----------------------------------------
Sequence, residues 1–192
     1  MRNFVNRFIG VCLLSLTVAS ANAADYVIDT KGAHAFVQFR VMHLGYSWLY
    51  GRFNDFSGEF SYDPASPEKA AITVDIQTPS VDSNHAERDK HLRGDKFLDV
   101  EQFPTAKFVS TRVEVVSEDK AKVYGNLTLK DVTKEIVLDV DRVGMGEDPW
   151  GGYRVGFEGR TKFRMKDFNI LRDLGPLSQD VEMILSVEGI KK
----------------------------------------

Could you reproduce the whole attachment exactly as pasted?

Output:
Sequence, residues 1–192
     1  MRNFVNRFIG VCLLSLTVAS ANAADYVIDT KGAHAFVQFR VMHLGYSWLY
    51  GRFNDFSGEF SYDPASPEKA AITVDIQTPS VDSNHAERDK HLRGDKFLDV
   101  EQFPTAKFVS TRVEVVSEDK AKVYGNLTLK DVTKEIVLDV DRVGMGEDPW
   151  GGYRVGFEGR TKFRMKDFNI LRDLGPLSQD VEMILSVEGI KK